Telum Talks To... Andrew Naylor, Head of ASEAN and Public Policy, the World Gold Council
Telum caught up with Andrew Naylor, Head of ASEAN and Public Policy at the World Gold Council on how gold is going mainstream and digital during COVID.
The World Gold Council has recently expanded its team in Singapore. Can you share why Singapore was chosen and its role in the gold market?
The World Gold Council has had a significant presence in Singapore for the last 25 years but we recently expanded our investment distribution team in Singapore. Part of our role is to educate investors on the role of gold in a portfolio. Singapore is a huge wealth management hub - about S$3.5 trillion of assets are managed here. The assets are regional, so it makes sense for us to base our regional institutional coverage team in Singapore.
The gold market is truly global. The largest trading centre (by far) is London, and the biggest consumption market is China. However, Singapore plays an important role as a nexus between the London wholesale market and the retail markets of Asia. Many bullion banks have operations here, and Singapore is home to a London Good Delivery refinery.
The COVID-19 crisis has caused major impact on businesses across sectors but how has it affected the gold industry?
Gold has a dual nature - it is both an investment asset and a consumer good. This dual nature means COVID has had a unique impact on the gold market. During times of economic and market risk, institutional investors tend to allocate more to gold and we have seen record investment inflows. However, the lockdowns and general uncertainty has meant consumer demand has dropped - consumers tend to buy less when the economy isn’t doing so well. Taking these together, investment demand tends to offset any weaknesses in consumer demand and that is what we have seen this year.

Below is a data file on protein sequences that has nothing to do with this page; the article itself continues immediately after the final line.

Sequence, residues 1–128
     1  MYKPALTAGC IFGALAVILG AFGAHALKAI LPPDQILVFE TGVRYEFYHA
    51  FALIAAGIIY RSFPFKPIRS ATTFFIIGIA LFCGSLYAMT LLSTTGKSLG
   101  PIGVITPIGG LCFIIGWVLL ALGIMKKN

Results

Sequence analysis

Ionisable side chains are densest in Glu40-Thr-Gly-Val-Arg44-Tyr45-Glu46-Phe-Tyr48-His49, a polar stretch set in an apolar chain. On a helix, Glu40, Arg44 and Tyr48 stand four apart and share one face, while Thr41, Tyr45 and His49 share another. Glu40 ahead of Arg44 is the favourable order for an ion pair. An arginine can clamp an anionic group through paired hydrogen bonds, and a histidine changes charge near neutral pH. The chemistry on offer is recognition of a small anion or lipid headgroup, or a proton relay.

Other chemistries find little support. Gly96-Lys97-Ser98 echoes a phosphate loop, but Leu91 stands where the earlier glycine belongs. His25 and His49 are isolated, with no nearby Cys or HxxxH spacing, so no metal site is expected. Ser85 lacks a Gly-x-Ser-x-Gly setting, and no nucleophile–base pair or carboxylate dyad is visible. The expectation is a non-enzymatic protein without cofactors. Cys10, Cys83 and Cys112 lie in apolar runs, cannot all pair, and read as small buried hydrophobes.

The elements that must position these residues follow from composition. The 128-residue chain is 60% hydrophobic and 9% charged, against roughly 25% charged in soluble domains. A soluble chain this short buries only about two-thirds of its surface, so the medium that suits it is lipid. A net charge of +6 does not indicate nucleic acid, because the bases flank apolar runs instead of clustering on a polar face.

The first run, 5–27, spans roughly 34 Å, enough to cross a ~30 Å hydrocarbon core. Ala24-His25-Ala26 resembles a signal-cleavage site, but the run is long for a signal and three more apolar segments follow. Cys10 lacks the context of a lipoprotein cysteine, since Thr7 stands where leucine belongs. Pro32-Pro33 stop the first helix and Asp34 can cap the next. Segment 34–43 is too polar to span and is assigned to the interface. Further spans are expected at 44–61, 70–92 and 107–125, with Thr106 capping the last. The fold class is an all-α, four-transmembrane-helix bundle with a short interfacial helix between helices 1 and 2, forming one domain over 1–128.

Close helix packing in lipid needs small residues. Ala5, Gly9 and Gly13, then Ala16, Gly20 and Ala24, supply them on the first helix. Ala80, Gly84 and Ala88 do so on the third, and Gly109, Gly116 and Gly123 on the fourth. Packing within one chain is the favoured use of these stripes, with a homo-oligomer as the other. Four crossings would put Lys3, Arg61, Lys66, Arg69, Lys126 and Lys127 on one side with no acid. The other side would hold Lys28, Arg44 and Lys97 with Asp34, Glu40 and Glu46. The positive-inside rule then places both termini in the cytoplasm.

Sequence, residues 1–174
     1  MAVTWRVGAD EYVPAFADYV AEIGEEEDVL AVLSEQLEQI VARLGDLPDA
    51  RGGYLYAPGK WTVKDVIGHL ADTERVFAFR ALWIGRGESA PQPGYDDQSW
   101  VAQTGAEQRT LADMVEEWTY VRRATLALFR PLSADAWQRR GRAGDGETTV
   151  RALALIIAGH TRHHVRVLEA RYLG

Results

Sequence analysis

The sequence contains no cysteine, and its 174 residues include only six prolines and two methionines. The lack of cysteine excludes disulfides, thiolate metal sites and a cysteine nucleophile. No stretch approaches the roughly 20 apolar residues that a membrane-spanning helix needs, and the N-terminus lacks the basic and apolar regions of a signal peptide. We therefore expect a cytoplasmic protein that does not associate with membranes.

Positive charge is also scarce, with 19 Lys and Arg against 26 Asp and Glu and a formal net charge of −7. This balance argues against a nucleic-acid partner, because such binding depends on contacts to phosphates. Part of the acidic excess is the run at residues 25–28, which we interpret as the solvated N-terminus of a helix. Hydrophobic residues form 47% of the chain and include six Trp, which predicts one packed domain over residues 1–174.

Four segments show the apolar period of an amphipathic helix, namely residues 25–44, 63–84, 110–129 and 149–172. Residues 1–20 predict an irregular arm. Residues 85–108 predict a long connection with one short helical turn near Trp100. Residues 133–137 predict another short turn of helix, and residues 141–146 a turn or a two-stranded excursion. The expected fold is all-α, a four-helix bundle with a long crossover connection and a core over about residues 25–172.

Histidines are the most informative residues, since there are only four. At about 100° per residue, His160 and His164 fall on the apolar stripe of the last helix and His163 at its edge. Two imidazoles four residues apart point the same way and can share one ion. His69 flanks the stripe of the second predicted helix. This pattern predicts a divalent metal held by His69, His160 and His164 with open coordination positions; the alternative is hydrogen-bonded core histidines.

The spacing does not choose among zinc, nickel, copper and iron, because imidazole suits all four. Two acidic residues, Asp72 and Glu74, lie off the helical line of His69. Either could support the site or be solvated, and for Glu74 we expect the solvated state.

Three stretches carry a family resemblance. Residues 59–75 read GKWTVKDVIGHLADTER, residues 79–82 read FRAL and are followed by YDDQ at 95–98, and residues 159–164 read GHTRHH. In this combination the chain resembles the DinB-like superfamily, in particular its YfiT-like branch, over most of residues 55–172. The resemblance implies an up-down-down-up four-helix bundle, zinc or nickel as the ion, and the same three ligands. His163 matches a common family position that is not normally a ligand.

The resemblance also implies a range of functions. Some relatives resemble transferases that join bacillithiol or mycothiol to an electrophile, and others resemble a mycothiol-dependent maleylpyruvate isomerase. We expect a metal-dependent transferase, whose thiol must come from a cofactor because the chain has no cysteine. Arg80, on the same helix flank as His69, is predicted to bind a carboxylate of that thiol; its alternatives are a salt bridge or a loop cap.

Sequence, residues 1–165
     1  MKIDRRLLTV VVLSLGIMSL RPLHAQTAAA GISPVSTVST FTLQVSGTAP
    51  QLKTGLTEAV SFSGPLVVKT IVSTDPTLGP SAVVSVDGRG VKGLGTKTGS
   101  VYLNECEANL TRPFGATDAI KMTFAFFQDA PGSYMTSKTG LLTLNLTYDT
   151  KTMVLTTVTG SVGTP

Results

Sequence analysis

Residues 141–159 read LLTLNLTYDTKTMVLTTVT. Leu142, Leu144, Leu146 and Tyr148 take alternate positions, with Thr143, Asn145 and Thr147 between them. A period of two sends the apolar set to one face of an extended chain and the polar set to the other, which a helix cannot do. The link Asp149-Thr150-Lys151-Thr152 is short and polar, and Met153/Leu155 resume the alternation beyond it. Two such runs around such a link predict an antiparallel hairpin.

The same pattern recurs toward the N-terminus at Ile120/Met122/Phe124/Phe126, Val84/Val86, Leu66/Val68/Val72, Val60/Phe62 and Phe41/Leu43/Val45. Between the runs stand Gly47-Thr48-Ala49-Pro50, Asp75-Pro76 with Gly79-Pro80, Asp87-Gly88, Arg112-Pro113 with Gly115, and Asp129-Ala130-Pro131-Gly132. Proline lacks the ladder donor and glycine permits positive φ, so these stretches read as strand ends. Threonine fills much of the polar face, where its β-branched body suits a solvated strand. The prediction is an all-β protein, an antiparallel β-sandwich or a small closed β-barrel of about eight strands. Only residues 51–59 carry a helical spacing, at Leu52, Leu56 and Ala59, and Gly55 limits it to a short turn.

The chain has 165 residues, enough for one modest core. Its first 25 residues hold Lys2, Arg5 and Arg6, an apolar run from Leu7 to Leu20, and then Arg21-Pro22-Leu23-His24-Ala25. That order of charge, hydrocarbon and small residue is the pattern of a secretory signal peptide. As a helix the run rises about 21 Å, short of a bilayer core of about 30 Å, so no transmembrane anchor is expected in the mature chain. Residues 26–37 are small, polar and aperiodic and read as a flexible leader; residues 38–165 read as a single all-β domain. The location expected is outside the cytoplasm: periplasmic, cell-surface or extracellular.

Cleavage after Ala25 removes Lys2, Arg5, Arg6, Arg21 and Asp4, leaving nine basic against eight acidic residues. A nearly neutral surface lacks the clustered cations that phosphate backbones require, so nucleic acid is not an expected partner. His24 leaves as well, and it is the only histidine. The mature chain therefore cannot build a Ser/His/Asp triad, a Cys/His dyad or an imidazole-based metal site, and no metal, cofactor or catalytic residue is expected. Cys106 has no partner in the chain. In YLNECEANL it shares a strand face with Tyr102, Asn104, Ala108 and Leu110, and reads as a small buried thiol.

The World Gold Council strives to make gold mainstream and have the gold industry’s voice heard on the global stage. Have you seen a change in trends on how gold is reported on the mainstream media?
The recent high gold prices and record investment inflows has certainly attracted mainstream media interest in gold and its role in the financial system. It is not just a safe haven - it plays a strategic role in portfolios as a source of returns, a diversifier and as a source of liquidity. Lower yields and a need to protect against economic risk has brought gold back into the spotlight and this has been reflected by recent media coverage.
The organisation works closely within the investment, jewellery and technology sectors, as well as engaging in government affairs. Do you see your team adopting different communication strategies for each sector?
Absolutely. Gold is a unique asset in that the drivers of demand are sectoral and geographically diverse. Each sector and geography has a different audience and requires different channel strategies. Jewellery demand is obviously retail / consumer led and a key audience for us is the millennial audience in large jewellery markets such as India and China. Investment demand tends to be institutional led. The big institutional investment markets for us at the moment are the US, Europe, Japan, Korea, China, Australia and Singapore.
The world has become more transparent and immediate, driven by the digital age. From a comms perspective, do you see this as a challenge or has it brought upon opportunities?
Digitisation has brought us a lot of new opportunities both in terms of how gold is accessed, and how we communicate gold’s proposition. This is especially important in the retail market - digital gold products - where customers can buy, manage, and sell their gold online are taking off. It has also impacted how individuals consume information and this in turn has had a major impact on our comms strategy - our digital presence is hugely important in ensuring that we can reach the right audience, and the next generation of gold consumers.